The holiday shopping season has undergone dramatic changes over the past few years, and 2021 has continued to deliver on that trend. NPD industry experts once again ‘went shopping’ over Black Friday weekend and shared their observations via Twitter, using #NPDHoliday. While the industries they focus on may differ, they all agree that the traditional idea of Black Friday shopping is gone. Read on to see some of our industry advisors’ takeaways from the weekend.

Marshal Cohen

Marshal Cohen

Chief Industry Advisor, Retail 

Black Friday changes course

The greying of Black Friday continued this year. Gone are the crowds, the long lines, the chaos, the sense of urgency, and the impulse shopping. What’s not gone is the consumers desire for a deal – deals they were able to get starting in October, well before November 26.

The pandemic solidified the change in course of Black Friday. Store retail has regained strength from the peak pandemic period and will continue to be strong. But retailers had to up their game online, which pulled a lot of traffic out of the stores. The highly anticipated supply issues also helped to push some early shopping, and intensified the already flattening Black Friday weekend peak. But, inventory concerns appear to have been more hype than reality as most retailers and items were well-stocked. The new pace of the holiday shopping season has evolved from the pre-pandemic wait-wait-rush to a slow-and-steady pace.

In addition to a fresh and new approach to Black Friday, wardrobes are getting an update: Consumers are making up for lost time, and changes in size, this holiday season. Sweaters and jeans seem to be gaining a lot of attention – a shift in consumer focus that signals more retail shifts to come.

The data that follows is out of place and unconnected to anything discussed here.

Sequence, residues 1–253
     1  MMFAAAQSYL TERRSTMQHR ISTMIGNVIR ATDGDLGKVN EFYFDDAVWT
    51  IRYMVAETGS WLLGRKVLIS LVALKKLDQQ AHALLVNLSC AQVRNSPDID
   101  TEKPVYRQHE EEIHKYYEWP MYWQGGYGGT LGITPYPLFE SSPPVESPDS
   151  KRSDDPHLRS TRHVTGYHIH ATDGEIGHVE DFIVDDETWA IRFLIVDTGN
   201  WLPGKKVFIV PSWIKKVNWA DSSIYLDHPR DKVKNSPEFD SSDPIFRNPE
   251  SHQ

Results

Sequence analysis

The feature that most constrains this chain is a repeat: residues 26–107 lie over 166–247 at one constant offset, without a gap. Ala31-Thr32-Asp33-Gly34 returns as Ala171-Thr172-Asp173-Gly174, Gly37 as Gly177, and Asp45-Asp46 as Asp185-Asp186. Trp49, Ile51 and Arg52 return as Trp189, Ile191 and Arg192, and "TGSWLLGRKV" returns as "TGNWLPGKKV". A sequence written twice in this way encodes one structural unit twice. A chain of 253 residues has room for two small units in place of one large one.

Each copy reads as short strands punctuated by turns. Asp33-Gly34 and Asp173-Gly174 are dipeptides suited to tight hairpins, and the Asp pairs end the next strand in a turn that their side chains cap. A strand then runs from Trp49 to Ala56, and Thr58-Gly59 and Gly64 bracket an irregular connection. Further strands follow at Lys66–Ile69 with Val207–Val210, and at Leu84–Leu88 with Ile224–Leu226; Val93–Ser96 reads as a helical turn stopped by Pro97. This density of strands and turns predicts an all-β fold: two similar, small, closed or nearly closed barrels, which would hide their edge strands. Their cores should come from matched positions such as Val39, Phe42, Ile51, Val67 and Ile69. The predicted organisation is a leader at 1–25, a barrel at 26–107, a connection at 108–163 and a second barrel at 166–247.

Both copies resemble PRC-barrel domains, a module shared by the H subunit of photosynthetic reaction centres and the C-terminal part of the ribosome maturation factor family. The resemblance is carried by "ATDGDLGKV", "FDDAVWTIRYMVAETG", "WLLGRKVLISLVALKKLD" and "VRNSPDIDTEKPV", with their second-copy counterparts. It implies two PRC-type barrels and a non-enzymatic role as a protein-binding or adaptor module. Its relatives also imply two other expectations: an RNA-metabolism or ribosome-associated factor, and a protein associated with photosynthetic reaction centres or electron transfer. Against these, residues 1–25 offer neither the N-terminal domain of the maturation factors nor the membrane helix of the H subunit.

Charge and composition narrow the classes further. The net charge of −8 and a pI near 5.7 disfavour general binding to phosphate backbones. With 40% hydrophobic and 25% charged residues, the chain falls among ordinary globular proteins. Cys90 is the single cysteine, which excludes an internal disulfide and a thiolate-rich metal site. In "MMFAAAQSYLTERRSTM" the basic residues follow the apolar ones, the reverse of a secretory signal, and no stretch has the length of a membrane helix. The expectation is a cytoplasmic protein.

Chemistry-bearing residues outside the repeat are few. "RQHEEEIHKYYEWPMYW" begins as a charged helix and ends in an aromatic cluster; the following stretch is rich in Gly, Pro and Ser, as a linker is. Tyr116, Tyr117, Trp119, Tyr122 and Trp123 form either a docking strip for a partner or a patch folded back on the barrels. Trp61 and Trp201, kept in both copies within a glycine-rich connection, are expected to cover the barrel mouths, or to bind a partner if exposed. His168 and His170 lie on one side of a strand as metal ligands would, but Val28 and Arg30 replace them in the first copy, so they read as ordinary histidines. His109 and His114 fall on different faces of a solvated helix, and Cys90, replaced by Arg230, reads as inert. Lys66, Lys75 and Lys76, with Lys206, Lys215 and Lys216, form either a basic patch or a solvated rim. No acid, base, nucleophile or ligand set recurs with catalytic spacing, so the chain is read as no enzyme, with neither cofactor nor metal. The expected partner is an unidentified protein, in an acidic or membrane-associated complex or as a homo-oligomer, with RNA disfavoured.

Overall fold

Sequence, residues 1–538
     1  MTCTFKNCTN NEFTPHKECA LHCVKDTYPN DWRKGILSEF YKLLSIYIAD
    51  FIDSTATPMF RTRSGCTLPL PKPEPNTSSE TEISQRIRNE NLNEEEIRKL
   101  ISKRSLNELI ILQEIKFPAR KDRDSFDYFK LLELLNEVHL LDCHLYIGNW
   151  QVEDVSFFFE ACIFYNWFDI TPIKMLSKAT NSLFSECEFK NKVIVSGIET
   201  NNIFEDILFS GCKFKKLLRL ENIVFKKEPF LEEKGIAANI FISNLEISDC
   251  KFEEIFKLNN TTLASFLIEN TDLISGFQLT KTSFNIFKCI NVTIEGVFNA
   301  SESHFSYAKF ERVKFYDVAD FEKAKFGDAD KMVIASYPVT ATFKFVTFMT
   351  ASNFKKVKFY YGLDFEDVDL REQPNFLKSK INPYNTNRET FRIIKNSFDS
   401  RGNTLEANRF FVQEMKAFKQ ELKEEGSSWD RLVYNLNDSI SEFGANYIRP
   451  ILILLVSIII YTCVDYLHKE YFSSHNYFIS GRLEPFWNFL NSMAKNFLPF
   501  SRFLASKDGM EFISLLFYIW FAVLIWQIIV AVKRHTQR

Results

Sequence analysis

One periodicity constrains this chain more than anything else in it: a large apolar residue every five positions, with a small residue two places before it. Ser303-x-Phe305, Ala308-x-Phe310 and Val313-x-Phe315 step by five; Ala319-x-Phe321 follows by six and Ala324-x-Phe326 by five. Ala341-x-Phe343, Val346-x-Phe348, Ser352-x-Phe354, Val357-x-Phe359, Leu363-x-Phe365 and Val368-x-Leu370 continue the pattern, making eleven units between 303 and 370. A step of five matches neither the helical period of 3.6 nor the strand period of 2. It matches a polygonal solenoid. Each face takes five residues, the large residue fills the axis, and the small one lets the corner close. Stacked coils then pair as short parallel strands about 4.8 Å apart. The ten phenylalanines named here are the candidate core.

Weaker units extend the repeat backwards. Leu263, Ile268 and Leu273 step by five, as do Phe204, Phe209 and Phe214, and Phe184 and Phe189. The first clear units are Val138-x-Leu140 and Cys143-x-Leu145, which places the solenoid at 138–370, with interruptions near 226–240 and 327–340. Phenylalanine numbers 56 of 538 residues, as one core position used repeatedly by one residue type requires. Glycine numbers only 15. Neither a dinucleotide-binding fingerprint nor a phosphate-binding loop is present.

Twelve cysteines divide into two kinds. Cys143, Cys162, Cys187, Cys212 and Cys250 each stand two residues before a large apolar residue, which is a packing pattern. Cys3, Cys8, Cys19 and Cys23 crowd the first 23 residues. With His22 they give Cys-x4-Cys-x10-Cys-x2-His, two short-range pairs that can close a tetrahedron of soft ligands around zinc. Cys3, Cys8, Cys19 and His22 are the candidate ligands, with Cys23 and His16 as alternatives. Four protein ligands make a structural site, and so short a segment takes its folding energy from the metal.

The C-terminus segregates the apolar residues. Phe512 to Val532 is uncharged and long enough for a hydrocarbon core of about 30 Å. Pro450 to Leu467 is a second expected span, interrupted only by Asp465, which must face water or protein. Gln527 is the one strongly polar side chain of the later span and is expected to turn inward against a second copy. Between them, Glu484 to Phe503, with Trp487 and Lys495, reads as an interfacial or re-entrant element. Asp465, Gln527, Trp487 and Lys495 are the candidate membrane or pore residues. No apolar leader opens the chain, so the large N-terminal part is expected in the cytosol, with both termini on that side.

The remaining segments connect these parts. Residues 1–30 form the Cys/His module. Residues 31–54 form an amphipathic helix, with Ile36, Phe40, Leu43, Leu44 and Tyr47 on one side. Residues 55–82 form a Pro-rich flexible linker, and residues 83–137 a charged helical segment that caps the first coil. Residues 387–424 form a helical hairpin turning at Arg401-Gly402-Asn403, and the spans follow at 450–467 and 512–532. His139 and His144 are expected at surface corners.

Stephen Baker

Stephen Baker

Vice President, Industry Advisor, Technology

Tech focus on higher price and value diminishes the “doorbuster”

Black Friday is still dead – I think it was dying in 2018 and 2019. Despite increasing interest in shopping in-store consumers just aren’t inclined to get up at 5 a.m. to shop anymore, especially when prices are not aggressive and their interest is focused on higher price, higher value product (at least in tech).

It seems fairly certain that revenue will be up, compared to last year, given what the Thanksgiving week was like in 2020. However, unit volume, the best measure of consumer demand, remains moderate to weak and an impediment to sales growth. Lack of promotion combined with available inventory that is focused more on higher price, higher value products, not entry-level “doorbusters” are continuing to push average selling prices higher.

One great innovation influencing the new look and feel of Black Friday is buy-online-pick-up-in-store (BOPIS). As opposed to getting up early, BOPIS allows consumers to shop at home and pick up Black Friday purchases at their convenience. While I don’t think we necessarily saw more of it this year, BOPIS is clearly a retailer benefit and competitive advantage, especially this time of year.